Components of a good comedy are the same as in a bad one – toilet humor gags, cringeworthy images, a tear-jerker moment, epic fails – what matters is how they have been mixed together.
We are the Millers is an unlikely box office hit. A drug dealer, a stripper and two teens form a fake family to smuggle a huge load of marijuana from Mexico to the US. What can this work out?
The foursome of protagonists are not exactly likable in the beginning: the main one is a grown man dealing weed, the problem, apart from the illegal nature of his occupation, is that he’s been doing that ever since his teens and his life has not moved on ever since, so as another character put it, ‘He’s got nothing, he’s free’. Jennifer Aniston’s character is a broke middle-aged stripper about to be evicted from her flat. The homeless girl is rude and ungrateful when rescued from thugs and the teen guy abandoned by his mother is just an uncool kid.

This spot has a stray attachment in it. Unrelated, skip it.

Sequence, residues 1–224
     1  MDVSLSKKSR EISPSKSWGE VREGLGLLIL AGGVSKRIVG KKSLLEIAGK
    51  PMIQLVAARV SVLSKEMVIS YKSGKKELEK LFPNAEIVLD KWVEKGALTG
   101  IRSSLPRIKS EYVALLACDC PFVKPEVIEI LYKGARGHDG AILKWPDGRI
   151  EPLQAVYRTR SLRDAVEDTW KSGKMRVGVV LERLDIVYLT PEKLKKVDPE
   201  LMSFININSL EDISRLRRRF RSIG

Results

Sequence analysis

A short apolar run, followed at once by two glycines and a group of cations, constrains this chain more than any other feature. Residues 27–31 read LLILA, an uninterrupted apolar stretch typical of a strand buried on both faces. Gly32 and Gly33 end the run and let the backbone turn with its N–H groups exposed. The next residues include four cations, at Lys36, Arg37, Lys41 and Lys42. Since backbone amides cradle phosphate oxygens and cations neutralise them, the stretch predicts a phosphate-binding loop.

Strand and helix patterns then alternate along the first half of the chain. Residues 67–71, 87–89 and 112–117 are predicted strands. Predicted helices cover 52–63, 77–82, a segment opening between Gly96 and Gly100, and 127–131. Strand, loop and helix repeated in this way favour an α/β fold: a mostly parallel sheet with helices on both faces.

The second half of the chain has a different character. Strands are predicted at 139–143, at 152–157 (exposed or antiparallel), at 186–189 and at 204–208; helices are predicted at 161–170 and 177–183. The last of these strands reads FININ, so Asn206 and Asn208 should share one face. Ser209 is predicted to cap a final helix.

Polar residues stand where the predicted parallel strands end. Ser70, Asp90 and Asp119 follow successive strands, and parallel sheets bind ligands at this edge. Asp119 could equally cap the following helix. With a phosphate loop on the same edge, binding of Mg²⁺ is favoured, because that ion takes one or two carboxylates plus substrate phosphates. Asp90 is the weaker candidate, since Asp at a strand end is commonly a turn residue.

The smuggling goes according to the plan apart from minor hiccups: the Millers are pursued by drug dealers and they also bump into a real family consisting of a retired special forces guy and a sexually confused wife (who attempt having a couples’ sex with pseudo-Millers), and their daughter who mutually develops a crush on the uncool kid. The amount of hilarious awkwardness in the film is clipping. Jennifer Aniston delivers the most amusing performance: her character Sarah is making visible efforts in pretending a honey and nice mom and the scene of her striptease in the garage is definitely one to remember.
As if to match the dysfunctional Millers their antagonist is a nerdy crook who collects sharks and orca instead of cars and is just so annoying, you want to throw him into the same fish tank.
So, why We Are the Millers are so successful? By pretending to be an average happy family, the real Millers come across much better, deeply flawed as they are, and I think the audience can relate to this. We all have to wear masks one way or the other in our lives. Sometimes, deliberately having to act as someone else gives us a better perspective of what we are and what we can be.